|In the UK reaction has been forthcoming following the release of the proposed new gambling legislation last week. Representatives from the gambling industry have been making statements to press following the publishing of the intended bill, and so far the response is positive. While much of the bill deals with the permission to develop supercasinos based on models in Las Vegas, spokespeople from the more traditional betting shops have been discussing what the legislation changes mean for them and their businesses.|
Chief Executive of Ladbrokes, Chris Bell has revealed that he is confident that the changes in the law is good news for bookmakers and betting shops. He predicts that the bill will reverse the decline in the number of betting shops around the UK, and that companies will be looking into finding new ways to lure in a new clientele under the new legislation freedoms. Currently Ladbrokes are experimenting with a shop in London, which is often mistaken by passers by as a café where they can order coffees and food, in an environment not traditionally associated with betting shops.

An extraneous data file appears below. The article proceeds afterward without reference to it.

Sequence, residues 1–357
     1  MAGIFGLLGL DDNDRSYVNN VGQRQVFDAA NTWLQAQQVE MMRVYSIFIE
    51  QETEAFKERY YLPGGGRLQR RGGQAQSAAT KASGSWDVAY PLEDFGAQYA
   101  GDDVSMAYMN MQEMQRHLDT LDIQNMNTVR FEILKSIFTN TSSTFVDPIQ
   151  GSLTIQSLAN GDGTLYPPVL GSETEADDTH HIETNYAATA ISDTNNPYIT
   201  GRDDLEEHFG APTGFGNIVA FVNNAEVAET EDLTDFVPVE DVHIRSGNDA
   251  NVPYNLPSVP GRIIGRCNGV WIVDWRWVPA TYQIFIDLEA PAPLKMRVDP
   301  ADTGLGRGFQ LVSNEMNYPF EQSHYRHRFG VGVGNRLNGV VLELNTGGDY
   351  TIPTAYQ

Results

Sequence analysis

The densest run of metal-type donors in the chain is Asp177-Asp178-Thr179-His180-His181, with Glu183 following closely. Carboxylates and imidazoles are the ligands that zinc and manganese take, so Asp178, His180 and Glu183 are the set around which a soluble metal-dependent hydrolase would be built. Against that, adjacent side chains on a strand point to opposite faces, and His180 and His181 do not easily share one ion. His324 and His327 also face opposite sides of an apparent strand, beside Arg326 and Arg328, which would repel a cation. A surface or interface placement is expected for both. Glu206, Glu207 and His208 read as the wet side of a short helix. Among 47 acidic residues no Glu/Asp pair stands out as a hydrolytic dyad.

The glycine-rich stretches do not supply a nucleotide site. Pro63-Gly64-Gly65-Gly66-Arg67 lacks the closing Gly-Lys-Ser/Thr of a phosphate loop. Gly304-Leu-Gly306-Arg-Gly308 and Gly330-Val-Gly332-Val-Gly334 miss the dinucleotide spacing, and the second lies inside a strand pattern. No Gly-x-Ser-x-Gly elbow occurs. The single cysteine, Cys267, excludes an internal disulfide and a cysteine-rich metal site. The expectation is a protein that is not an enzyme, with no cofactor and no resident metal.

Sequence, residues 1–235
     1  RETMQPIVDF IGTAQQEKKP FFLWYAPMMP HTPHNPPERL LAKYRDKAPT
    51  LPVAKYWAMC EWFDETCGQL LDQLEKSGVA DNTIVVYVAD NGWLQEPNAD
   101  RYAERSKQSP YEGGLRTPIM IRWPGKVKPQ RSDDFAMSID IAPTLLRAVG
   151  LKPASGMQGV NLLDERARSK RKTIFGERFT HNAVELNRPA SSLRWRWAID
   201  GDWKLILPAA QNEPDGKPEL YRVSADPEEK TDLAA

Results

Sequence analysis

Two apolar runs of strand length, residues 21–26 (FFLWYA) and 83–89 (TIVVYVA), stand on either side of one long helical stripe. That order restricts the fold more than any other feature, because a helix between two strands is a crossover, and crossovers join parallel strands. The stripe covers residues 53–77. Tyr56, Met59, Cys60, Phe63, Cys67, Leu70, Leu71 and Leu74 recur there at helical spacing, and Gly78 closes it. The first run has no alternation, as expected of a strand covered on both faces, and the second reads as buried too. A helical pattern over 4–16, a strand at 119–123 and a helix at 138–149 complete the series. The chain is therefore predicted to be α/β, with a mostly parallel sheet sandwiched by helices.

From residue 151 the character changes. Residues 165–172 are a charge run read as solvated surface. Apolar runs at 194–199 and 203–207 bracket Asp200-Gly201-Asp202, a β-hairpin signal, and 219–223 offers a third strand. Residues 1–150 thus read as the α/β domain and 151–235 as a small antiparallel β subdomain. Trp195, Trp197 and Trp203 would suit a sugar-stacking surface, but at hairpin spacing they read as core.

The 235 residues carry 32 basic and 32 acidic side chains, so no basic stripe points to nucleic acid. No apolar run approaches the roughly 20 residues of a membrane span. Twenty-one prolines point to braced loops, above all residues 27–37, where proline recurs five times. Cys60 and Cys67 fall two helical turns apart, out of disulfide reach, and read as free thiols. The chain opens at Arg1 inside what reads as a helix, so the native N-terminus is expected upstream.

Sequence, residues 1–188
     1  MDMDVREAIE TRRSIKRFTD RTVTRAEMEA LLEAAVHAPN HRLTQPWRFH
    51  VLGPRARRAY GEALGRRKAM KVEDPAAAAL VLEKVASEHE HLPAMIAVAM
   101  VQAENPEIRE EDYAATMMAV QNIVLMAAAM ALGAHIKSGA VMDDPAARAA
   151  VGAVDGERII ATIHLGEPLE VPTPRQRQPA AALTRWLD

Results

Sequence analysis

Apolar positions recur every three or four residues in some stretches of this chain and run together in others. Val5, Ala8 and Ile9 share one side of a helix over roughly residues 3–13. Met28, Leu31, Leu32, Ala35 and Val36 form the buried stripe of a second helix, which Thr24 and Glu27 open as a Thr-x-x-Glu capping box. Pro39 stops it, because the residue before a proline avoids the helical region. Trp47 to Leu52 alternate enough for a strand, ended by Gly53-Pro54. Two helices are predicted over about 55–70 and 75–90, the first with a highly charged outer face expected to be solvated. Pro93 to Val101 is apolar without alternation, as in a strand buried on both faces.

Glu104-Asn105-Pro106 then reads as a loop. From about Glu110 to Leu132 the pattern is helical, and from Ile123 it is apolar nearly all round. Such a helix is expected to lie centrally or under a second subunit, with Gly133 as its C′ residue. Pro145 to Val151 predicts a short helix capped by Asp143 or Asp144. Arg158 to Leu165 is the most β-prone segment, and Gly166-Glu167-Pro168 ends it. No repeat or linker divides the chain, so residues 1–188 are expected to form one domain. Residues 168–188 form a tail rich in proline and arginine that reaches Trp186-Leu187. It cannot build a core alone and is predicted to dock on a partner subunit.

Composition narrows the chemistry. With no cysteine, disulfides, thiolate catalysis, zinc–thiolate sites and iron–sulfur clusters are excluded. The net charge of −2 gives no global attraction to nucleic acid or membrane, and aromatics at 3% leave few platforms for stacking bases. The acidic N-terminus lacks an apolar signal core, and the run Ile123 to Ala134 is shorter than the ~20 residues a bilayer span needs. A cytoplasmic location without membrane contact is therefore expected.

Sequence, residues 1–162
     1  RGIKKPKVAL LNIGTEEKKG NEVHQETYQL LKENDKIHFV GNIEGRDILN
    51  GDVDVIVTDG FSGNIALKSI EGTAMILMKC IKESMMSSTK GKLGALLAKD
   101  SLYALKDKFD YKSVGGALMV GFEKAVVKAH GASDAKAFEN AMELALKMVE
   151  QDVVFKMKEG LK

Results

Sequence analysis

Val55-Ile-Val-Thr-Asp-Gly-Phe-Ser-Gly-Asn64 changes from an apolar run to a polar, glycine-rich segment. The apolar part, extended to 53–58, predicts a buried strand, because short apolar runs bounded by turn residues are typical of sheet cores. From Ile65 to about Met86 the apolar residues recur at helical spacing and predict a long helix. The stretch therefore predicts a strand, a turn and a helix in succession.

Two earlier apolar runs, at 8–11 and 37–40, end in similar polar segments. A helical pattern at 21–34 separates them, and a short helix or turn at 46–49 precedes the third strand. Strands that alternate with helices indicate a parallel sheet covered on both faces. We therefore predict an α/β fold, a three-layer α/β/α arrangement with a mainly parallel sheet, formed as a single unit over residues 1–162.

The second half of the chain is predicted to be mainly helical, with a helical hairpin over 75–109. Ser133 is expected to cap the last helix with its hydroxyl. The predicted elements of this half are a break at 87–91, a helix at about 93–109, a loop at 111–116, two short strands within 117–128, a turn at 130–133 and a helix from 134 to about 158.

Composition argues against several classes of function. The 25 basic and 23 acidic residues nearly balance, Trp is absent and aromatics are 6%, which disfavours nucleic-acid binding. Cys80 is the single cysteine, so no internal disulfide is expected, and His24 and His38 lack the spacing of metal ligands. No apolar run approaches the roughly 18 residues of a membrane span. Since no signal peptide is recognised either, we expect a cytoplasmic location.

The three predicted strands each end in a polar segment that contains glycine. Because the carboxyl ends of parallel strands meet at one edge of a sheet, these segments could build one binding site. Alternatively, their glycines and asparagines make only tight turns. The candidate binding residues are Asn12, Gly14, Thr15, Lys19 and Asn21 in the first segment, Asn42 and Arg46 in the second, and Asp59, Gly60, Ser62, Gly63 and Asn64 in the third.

In a statement released to the press, Bell said of the bill: 'It's no secret that we're looking to expand, when the locations are right and the prices are right. We have a few concerns about some details [of the bill], for instance over the regulation of betting exchanges, but in the round it should be good for us and the whole industry...Obviously the casinos will now offer betting, but the existing casino footprint is very small.”
For online gambling, the bill should also not represent any great hindrance to further growth, as the bill does not introduce any further regulations concerning individual clients, or any attempts to tax what is termed the non recreational portion of their custom. Senior Communications Executive of Betfair, Antonia Sharpe made her comments on the bill, saying: 'Betting shops are part of the fabric of British life, like pubs and everything else on the high street. Increasing access to the internet will probably cause growth in online business, but the shops are still buoyant. Everyone seems to be buying them at the moment. The government rejected many of the proposals [on exchanges] from the [Parliamentary] joint scrutiny committee, in particular on how to define non-recreational users. But even so it's still too early to say how it might turn out.”